How to make your diet more sustainable, healthy or cheap — without giving up nutrients

People choose certain foods or change their diet for a variety of reasons: to improve their health, lose weightsave money or because of concerns about sustainability or the way food is produced.

Consider the trend toward low-fat foods in the 1980s and low-carb diets in the 1990s, and now, the rise of plant-based protein products and ready-to-eat meals.

But before ditching your traditional food choices, it’s important to consider the nutritional trade-offs. If you are substituting one food for another, do you still get the vitaminsminerals and other nutrients you need?

In a recent article, I sought to raise awareness of nutritional differences between foods by producing a new index specific to Australia. Its aim is to help Australians make better-informed dietary decisions and obtain the recommended nutrients for good health.

Nutrients: Are We Getting Enough?

The Australian Bureau of Statistics publishes tables showing the usual intake of selected nutrients in the entire population. The tables also show the proportion of Australians whose usual nutrient intake is below what is known as the ‘estimated average requirement’.

Although Australian adults eat in a variety of ways, they generally get enough nutrients regardless of their diets.

For example, most people seem to get enough niacin (vitamin B3) and phosphorus. And the tables suggest that 97% of Australians get enough vitamin C.

However, inadequate intake of calcium, magnesium, vitamin B6, and zinc is common.

About two-thirds of Australian adults consume less calcium than is recommended (ranging from 840 to 1,100 mg/day depending on age). It is concerning that 90 percent of women over the age of 50 do not get enough calcium.

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Inadequate zinc intake is more prevalent among Australian men: more than half of those over 50 years of age consume below recommended levels.

So what about free sugars? These include added sugars and the sugar component of honey and fruit juices, but exclude natural sugars in intact fruits and vegetables. Milk.

Australians are recommended to limit free sugars to less than 10% of dietary energy intake. However, almost 50 per cent of Australian adults exceed this recommended limit.

Pay attention to under-consumed nutrients

Every food has a difference nutritious composition. And as the Australian Dietary Guidelines show, we need to eat a variety of foods to stay healthy.

We should pay particular attention to foods that are important sources of nutrients that large numbers of Australians do not get enough of. If possible, Australians should try to include more of these foods in their diet.

At the same time, foods with free sugars should be consumed only in moderation.

The new food index I have produced seeks to help Australians achieve this. Provides an overall nutrient composition score tailored to the Australian dietary context.

The index includes eight vitamins (B1, B2, B3, B6, B12, Folate, A, and C), eight minerals (calcium, phosphorus, zinc, iron, magnesium, iodine, selenium, and molybdenum), along with protein and free sugars.

These 18 items are weighted in proportion to the degree of inadequate or excessive intake in Australia. A higher score is better than a lower score.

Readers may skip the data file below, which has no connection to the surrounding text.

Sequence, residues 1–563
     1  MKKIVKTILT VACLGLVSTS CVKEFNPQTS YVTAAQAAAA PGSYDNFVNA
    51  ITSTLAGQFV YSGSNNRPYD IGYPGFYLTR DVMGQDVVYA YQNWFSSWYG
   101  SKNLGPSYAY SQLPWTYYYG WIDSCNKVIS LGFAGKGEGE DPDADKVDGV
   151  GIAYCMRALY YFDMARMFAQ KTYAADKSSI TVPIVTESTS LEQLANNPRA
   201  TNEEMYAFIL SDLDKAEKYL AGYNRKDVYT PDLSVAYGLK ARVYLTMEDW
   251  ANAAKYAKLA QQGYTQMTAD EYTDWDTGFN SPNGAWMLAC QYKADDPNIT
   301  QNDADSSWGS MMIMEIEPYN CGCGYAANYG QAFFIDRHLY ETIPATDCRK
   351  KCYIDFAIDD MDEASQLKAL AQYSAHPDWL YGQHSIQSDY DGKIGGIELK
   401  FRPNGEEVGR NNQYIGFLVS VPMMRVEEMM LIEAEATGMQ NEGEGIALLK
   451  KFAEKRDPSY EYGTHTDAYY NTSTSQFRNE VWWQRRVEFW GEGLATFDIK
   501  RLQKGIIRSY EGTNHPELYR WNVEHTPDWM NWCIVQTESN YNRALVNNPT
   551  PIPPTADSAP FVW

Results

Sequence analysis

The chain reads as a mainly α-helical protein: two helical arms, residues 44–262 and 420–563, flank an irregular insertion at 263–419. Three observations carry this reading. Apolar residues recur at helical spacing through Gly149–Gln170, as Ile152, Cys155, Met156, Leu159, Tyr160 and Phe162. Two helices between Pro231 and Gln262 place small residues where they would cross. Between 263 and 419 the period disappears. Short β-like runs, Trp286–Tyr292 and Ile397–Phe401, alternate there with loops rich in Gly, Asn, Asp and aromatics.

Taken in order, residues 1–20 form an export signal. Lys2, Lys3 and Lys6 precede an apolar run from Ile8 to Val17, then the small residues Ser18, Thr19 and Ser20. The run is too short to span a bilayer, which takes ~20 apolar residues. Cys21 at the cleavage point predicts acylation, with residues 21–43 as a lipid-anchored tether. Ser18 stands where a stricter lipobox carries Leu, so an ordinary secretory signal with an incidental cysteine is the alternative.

The index therefore scores foods highly if they are low in free sugars and rich in the elements that many Australians need most: calciummagnesium, vitamin B6, zinc and vitamin A.

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Foods that contain few nutrients but added sugars score very low. For example, a chocolate chip cookie weighing 35 grams scored 0.004 and a sugar-sweetened cola-flavored drink scored less than zero.

Food swapping may not achieve similar results

The index can be used to compare foods that might be considered substitutes in the search for a diet that’s healthier, more affordable, or better for the environment.

For dairy products, 250ml of whole milk scored 0.160 and skim milk almost as high as 0.157.

The index shows the potential nutritional trade-offs when choosing dairy alternatives. A 250-ml serving of calcium-fortified oatmeal drink scored 0.093. Without calcium fortification, the score was reduced to 0.034.

As for meat, 100g of diced lean beef scored 0.142. An equivalent portion of a plant-based burger made from pea protein, with lots of added vitamins and minerals, scored nearly the same 0.139. This shows that plant-based alternatives are not necessarily less nutrient dense.

The index also shows the different nutritional needs of women and men. For example, the scores of two large eggs they were higher for women (0.143) than for men (0.094). This reflects, in part, the higher prevalence of inadequate iron intake among younger women.

Understand tradeoffs

To date, complete nutritional information on foods consumed in Australia has only been found in databases used by scientists and nutrition professionals.

For the average consumer, packaging in unprocessed food — such as fruits and vegetables, fresh meats and some cheese — do not usually include nutritional information.

Consumers can check the nutrition facts panel when shopping for processed foods, but only some nutrients are listed.

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I hope that my research can prompt manufacturers to produce more nutrient-dense foods or those formulated to meet the nutrient needs of a particular subgroup.

In the future, I hope the index will also be translated into a user-friendly format or app that Australians can refer to every day, to ensure their changing food preferences result in a healthier option.

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